|Topic:||Using single view depth prediction from CNNs for pose estimation under rolling shutter in 3D computer vision|
|Announce as:||Diplomová práce, Semestrální projekt|
|Description:||Estimating the relative pose between two images, i.e., the relative translation and rotation between the two images, or the absolute pose of an image with respect to a scene, i.e., the position and orientation from which it was taken, are fundamental problems in many 3D computer vision pipelines such as Structure-from-Motion, SLAM, or visual localization. As such, they are fundamental problems that need to be solved for applications such as self-driving cars, robotics, as well as Augmented / Mixed Reality systems (such as Microsoft HoloLens). Efficient solutions to these problems exist if the images were taken with global shutter cameras, i.e., if the images are taken at a single point in time. However, many modern cameras use a rolling shutter, i.e., images are captured line by line. Movement during the capture process leads to distortions in the images. These artifacts in turn significantly complicate relative and absolute pose estimation.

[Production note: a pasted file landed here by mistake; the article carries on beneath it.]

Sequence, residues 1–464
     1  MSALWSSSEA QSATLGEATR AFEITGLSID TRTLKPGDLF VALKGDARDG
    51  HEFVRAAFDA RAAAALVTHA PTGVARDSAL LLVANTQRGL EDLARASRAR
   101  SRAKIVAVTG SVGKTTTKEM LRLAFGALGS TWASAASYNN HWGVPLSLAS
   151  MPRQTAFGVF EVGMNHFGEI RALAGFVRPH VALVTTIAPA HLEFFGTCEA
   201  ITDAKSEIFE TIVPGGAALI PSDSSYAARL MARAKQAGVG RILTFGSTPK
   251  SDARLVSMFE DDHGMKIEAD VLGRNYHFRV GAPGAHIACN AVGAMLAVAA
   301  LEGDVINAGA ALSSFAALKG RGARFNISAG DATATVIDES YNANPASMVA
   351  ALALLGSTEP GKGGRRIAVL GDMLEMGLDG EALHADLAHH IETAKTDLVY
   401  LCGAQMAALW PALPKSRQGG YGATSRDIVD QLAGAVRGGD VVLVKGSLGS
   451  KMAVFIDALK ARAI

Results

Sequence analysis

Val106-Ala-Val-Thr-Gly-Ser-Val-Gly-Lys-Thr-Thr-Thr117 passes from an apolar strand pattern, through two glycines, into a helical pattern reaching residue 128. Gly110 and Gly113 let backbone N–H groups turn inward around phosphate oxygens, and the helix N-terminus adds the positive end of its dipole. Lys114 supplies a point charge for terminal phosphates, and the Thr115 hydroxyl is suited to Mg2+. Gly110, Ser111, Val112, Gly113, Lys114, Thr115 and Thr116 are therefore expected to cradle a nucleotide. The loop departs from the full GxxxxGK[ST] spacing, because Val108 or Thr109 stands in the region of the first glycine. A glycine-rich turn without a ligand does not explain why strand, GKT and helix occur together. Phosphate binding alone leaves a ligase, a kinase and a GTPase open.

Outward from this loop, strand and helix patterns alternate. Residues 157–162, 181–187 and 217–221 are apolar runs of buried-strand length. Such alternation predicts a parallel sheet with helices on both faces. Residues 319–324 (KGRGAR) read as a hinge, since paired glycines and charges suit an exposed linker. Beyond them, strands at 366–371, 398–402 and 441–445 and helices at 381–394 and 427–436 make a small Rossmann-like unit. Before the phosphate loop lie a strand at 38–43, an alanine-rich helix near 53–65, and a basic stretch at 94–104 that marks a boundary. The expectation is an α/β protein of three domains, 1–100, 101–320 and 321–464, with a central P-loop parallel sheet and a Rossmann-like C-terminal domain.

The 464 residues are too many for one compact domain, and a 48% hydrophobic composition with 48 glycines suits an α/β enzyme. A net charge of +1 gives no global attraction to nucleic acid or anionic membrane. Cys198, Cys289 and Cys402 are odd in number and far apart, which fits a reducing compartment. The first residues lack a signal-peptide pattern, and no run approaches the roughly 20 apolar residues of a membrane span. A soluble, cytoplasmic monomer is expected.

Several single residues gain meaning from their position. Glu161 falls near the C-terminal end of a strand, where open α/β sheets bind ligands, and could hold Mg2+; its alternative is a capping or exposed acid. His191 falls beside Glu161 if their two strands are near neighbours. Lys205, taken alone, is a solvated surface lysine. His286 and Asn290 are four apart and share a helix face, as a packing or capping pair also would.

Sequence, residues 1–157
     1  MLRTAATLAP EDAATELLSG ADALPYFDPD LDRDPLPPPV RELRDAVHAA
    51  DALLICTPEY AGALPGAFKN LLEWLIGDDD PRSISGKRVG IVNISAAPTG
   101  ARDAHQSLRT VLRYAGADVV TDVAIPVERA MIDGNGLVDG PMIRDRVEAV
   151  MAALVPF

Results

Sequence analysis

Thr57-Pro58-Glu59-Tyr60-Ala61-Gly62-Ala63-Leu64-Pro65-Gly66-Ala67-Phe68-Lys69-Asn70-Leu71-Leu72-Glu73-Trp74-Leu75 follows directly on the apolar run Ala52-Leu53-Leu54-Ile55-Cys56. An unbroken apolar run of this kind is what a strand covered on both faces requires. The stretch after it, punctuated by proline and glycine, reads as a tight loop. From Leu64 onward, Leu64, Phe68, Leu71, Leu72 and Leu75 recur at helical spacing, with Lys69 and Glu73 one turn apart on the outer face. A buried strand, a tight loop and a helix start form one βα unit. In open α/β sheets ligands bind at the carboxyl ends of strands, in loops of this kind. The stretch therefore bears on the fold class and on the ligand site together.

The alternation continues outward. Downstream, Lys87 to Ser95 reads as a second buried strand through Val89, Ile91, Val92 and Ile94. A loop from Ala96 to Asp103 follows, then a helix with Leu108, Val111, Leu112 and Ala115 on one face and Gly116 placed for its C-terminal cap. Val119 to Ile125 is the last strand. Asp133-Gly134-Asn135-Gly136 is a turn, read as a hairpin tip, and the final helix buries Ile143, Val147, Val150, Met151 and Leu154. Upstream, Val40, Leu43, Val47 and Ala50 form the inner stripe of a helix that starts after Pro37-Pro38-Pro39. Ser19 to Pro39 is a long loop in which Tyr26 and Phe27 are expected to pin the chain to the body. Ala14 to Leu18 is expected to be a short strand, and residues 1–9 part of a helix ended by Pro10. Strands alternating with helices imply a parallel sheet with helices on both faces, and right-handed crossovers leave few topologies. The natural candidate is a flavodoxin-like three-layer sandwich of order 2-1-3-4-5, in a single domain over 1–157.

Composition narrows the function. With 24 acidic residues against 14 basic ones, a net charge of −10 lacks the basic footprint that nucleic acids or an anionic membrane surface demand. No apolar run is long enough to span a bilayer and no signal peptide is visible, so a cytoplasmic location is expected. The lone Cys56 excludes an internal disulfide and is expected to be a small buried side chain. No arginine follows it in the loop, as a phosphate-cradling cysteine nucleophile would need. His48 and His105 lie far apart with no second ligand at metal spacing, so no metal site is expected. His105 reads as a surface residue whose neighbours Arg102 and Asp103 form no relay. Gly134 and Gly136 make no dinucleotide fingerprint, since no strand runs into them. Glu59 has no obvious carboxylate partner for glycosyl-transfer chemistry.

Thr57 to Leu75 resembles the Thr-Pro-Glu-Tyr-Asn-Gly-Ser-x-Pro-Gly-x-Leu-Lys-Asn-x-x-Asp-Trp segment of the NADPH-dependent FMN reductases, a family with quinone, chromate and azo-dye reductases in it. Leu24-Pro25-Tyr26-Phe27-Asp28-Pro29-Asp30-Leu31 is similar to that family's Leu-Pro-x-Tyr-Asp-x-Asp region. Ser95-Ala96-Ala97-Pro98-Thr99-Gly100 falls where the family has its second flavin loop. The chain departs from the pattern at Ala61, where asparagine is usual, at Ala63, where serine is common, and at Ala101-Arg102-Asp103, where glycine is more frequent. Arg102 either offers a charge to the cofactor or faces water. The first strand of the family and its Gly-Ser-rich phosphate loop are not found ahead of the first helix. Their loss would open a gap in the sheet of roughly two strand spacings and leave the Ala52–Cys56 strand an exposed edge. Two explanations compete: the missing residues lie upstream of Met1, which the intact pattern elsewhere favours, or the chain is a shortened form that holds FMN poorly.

Modern deep neural networks are able to predict depth maps from a single image, i.e., they are able to predict the distance to the scene for each pixel in an image. While these depth predictions can be rather noisy, they should provide useful information for camera pose estimation under rolling shutter: the strength of the rolling shutter effect depends on the depth for each pixel. The goal of this thesis is thus to use single view depth predictions made by neural networks to design efficient camera pose estimation procedures for rolling shutter cameras.
|Bibliography:||Albl et al., Rolling Shutter Camera Absolute Pose, PAMI 2019
Godard et al., Digging into Self-Supervised Monocular Depth Prediction, ICCV 2019